The European Commission has apparently contradicted legal advice received by the chair of the Stormont agriculture committee after it said that a law which guarantees minimum prices for farmers “may be allowed” for Northern Ireland.
Lobby group Farmers For Action is pressing for the measure to guarantee “a minimum wage” for farming families.
Last month, Stormont agriculture committee chairman William Irwin told the News Letter that legal advice suggested the idea was impossible.
“The difficulty is that we in the Assembly took legal advice and were told this law is not possible under European rules,” he said.
However, the News Letter then approached the European Commission, and was told by a spokesman: “For your information while minimum prices are not allowed in general, they may be allowed under certain conditions.
“For example, minimum alcohol prices may be justified in certain circumstances for public health purposes.”
Upon reading the commission’s statement Mr Irwin did not defend the legal advice he had been given.
“The DUP will support measures to assist farmers which are legal, practical and deliverable,” he said.
“Whilst some have advocated legislation to guarantee a minimum price to farmers, this is by no means a universally held view within the industry.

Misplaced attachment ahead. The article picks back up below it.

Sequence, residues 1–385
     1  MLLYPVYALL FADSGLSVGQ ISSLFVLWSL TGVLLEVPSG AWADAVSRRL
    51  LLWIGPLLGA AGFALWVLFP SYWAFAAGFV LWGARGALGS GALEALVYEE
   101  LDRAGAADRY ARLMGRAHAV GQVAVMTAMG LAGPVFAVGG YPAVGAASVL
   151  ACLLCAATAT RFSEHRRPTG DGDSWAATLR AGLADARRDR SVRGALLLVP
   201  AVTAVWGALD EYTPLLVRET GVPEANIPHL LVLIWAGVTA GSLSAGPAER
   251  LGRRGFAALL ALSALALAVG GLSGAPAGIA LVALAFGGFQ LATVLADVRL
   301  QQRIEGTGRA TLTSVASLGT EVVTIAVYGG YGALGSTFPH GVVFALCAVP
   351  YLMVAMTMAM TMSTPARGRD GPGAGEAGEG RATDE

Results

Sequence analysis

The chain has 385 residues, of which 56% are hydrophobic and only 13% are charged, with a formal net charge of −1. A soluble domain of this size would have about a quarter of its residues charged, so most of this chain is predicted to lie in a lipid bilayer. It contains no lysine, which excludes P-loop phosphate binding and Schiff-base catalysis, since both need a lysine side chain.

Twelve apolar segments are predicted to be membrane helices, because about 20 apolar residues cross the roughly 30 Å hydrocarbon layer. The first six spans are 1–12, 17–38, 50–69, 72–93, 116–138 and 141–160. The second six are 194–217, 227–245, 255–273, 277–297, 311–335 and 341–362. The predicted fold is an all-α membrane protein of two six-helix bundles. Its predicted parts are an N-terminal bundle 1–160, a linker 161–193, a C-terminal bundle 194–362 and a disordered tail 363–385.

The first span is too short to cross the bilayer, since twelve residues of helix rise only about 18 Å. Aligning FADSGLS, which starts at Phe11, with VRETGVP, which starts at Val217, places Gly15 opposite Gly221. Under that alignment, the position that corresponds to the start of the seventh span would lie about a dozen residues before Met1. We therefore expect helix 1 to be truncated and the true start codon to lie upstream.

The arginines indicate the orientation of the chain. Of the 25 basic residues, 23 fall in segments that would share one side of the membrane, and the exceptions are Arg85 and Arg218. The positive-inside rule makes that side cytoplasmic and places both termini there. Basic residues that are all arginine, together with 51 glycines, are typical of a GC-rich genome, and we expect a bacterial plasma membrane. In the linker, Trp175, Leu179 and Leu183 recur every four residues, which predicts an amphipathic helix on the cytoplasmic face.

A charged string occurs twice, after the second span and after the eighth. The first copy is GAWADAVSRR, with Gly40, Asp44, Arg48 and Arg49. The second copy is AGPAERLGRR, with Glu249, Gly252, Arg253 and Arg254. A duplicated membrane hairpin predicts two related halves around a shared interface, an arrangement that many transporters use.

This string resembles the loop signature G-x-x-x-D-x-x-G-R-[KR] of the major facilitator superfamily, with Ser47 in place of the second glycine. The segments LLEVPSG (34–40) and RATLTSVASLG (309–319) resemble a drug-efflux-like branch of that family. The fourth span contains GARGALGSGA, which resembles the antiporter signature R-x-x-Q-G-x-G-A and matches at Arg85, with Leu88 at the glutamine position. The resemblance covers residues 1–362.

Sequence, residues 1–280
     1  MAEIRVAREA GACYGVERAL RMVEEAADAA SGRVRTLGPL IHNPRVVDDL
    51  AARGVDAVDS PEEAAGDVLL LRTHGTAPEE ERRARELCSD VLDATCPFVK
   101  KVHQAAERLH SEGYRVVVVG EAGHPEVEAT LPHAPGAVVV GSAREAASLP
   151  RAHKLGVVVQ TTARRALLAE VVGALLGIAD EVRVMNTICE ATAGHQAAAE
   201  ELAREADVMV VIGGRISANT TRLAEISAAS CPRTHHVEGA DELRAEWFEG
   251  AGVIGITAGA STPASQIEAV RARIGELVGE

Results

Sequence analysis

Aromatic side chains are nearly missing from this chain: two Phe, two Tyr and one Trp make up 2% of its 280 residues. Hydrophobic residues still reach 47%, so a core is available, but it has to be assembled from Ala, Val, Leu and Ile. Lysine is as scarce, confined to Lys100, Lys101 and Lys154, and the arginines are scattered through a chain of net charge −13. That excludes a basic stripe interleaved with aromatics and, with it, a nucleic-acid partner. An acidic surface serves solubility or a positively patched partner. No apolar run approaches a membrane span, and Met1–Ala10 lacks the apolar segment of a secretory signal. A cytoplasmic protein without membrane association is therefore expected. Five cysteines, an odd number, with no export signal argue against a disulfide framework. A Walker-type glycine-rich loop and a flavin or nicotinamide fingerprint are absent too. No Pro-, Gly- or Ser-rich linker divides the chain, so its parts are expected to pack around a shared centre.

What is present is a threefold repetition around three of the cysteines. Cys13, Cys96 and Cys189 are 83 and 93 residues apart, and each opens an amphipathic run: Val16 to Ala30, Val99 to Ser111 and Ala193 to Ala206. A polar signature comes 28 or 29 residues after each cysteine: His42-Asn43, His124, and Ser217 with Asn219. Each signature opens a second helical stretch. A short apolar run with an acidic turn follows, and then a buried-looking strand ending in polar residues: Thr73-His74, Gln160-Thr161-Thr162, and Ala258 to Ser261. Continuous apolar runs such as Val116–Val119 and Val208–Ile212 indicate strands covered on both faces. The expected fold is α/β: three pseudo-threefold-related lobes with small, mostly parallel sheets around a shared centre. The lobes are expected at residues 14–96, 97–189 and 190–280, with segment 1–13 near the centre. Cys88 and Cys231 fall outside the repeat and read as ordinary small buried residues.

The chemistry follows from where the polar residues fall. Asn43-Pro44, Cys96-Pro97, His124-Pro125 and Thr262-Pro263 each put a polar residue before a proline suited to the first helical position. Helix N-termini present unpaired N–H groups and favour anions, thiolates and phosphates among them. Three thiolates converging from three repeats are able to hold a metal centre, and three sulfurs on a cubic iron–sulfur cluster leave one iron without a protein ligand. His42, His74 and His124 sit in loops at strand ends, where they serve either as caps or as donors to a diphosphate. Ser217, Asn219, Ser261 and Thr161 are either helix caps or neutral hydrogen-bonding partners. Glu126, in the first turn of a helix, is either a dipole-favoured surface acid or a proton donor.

“Indeed, many have outlined significant concerns beyond any legal impediment.
“Around 80 per cent of our produce is exported and if such pricing made Northern Ireland produce less competitive it will not be to the benefit of local farmers.
“No-one would question the positive motivation behind such a proposal.
“However, the industry, banking sector and government need to continue to work together to ensure farmers survive and receive a fair reward for their efforts.”
William Taylor, Farmers For Action NI co-ordinator, was upbeat about the European Commission’s assessment.
“The question now is how soon we can get the legislation in place – before it is too late,” he said.
He believes that the commercial supply chain is growing increasingly wealthy while farmers are crushed.
The law would still leave Northern Ireland produce competitive, he said, because there is no extra food in the supply chain, so processors across the British Isles have no choice but to buy all produce.
TUV leader Jim Allister said: “Obtaining greater stability in farmgate prices is key to success, with processors, banks and government all having to play their part.
“Hence, radical thinking should not be eschewed, though current EU competition laws probably prohibit the statutory minimum pricing that some desire.
“Outside the EU we’d be master of our own legislation and destiny.”